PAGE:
CHARLOTTETOWN, P.E.I. -- The three-time defending champ has a new look but still the same target on her back.
Training their sights on it are a mix of wily vets and hungry kids -- and one very motivated woman from Manitoba.
There is no shortage of intriguing storylines at the 2011 Tournament of Hearts as this event gets out of the hack Saturday.
Jennifer Jones' Team Canada rink, for instance, is trying to match the record streak of Nova Scotia's Colleen Jones by winning its fourth consecutive national women's curling title.
Olympic medallist Shannon Kleibrink of Alberta shoots for the championship that has eluded her in three previous tries.
Then there's Ontario's confident 21-year-old, Rachel Homan -- curling's Next One, some are saying -- who's fresh out of the junior ranks and brings along one of the youngest team to ever compete at this event.
Or maybe the host team, led by former world junior champ Suzanne Birt, can create some Island magic and finally capture this province's first national women's crown.
Those stories, significant as they are, are dwarfed by the one everybody seems to be talking about: Will Cathy Overton-Clapham get her revenge on Jennifer Jones?
"Oh yeah, everyone," B.C. skip Kelly Scott said Friday. "It's great. People thrive on these kinds of rivalries. It won't go away, either. They're going to battle one another out until one of them decides not to play anymore. It's just the start, I'm sure."
Yes, it seems even fellow competitors have circled Wednesday night's game on their draw sheets -- not so much for who's going to win, but what will the dynamic be like between the woman who got the pink slip last year and the fellow Winnipegger who drew it up.
After poor showings at last year's world championship and Olympic trials, Jones felt her rink was going stale, so she summoned long-time third Overton-Clapham and told her she was on her own.
Initially devastated, Overton-Clapham regrouped, put her own rink together and got here the hard way: By winning the Manitoba title and setting up the grudge match of the century.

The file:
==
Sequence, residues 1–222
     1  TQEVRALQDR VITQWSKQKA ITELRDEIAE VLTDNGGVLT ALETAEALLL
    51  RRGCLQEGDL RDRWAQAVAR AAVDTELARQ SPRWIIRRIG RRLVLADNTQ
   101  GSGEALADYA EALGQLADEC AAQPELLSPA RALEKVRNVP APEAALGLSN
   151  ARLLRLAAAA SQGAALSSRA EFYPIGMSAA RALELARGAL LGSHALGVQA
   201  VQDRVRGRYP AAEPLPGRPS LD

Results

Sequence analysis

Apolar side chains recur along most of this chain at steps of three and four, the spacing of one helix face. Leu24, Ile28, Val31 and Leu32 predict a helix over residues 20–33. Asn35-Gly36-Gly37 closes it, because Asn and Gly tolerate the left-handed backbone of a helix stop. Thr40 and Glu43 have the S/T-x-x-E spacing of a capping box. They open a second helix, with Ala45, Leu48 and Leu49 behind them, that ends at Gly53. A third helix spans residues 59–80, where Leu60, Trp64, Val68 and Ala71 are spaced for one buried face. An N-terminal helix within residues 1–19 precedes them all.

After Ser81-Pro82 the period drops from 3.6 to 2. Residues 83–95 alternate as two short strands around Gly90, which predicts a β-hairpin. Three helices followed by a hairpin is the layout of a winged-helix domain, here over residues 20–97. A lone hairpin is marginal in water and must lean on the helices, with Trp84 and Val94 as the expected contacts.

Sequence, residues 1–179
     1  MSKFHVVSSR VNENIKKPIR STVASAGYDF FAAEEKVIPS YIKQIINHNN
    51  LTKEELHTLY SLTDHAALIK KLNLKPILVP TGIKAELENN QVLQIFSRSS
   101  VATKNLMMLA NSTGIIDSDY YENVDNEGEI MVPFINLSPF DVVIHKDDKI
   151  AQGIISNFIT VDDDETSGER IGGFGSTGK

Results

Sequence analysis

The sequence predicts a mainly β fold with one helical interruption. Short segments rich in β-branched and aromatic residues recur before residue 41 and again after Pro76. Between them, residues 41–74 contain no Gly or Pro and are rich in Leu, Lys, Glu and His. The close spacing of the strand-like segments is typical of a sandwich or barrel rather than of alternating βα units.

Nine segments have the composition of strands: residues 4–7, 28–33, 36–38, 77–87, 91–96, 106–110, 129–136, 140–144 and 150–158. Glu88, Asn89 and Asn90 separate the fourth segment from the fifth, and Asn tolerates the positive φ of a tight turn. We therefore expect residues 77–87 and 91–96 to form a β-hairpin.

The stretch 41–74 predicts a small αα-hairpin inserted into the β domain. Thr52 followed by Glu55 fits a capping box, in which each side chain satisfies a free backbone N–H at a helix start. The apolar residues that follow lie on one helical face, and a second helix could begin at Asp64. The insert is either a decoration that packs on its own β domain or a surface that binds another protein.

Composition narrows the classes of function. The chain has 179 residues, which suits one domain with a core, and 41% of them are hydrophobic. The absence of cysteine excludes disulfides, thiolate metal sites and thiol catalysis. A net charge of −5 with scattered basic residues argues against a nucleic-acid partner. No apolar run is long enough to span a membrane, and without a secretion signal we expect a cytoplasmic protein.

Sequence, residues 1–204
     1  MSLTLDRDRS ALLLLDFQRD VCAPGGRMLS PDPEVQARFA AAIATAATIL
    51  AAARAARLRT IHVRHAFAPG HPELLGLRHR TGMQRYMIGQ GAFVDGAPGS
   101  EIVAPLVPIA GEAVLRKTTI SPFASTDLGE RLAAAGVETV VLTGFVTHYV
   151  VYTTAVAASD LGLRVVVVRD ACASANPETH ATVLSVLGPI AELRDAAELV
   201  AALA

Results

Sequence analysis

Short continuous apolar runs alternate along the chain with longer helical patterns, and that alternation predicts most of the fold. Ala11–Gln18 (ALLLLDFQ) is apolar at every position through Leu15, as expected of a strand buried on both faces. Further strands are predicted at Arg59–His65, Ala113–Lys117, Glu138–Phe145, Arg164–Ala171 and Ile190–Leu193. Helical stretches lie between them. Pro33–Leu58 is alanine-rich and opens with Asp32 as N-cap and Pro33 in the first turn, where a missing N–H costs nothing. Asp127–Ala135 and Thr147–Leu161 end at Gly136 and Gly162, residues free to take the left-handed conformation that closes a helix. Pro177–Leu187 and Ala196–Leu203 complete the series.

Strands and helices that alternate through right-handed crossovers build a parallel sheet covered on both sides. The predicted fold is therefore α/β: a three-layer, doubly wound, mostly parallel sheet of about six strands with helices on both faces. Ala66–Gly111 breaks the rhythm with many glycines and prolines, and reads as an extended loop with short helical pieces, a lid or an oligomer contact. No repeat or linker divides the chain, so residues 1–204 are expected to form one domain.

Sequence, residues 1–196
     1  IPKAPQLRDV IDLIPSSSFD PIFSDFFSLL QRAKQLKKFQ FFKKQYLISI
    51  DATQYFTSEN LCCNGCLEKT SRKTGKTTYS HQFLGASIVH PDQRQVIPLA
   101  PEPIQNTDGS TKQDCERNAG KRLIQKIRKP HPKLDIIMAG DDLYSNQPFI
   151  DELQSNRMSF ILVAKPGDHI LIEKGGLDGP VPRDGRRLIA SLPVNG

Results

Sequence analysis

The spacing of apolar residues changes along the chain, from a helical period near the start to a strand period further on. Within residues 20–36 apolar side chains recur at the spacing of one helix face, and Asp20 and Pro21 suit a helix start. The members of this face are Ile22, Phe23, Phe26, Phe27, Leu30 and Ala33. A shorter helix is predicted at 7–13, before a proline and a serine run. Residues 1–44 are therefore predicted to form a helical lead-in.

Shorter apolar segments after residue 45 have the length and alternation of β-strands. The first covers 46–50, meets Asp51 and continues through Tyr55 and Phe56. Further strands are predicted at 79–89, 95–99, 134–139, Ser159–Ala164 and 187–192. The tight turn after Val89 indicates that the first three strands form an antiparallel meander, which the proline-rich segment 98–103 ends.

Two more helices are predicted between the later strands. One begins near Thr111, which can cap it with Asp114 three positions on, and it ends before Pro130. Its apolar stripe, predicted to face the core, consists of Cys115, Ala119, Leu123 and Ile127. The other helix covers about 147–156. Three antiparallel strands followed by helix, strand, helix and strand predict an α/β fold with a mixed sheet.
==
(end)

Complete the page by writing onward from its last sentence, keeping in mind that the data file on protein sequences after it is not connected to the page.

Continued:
And since Overton-Clapham arrived Wednesday, it seems that's all she has been asked about.
"Every time I get interviewed," she said. "It happened eight months ago, so I'm trying to get over it."
As for Jones, the move appears to have accomplished what she set out to do.
New third Kaitlyn Lawes, just 22, has helped the team to the top of the money list.
"We've had a really good season," Jones said. "Kind of petered off near Christmas and got back going again in January. We're just having a ton of fun and laughs. It was all about just kind of figuring out each other, and that has been happening. She's really reminding us of all the little things we love so much. She has brought a little bit of excitement to our team."
If anybody was hoping the change would cause Team Canada a hiccup or two -- Cathy-O was, after all, one of the top thirds on the planet -- it appears they're out of luck.
"I don't think it has changed," Scott, herself a two-time champ, said. "Everyone still knows that team can play. They're definitely one of the teams to beat. Having the Canada jackets is a target. No matter what province you come from, you want to see how you match up against Team Canada."
The addition of Lawes, a former Canadian junior champ, to the Jones foursome is in keeping with the theme of this Scotties, as no fewer than 10 of the dozen teams have a former national junior winner.
Homan, a student at the University of Ottawa, is the latest. But she's not your typical Scotties rookie.
Dubbed "an arrogant bunch" by her own grandfather, Homan doesn't sound overly impressed by what some are calling the best Scotties field ever.
"We've played them all before, a bunch of times," she said. "So it's nothing new. We just try (to) play the rocks. It doesn't matter who you're playing."
Any other year, a kid like this would be headline news.
For now, it'll just have to wait.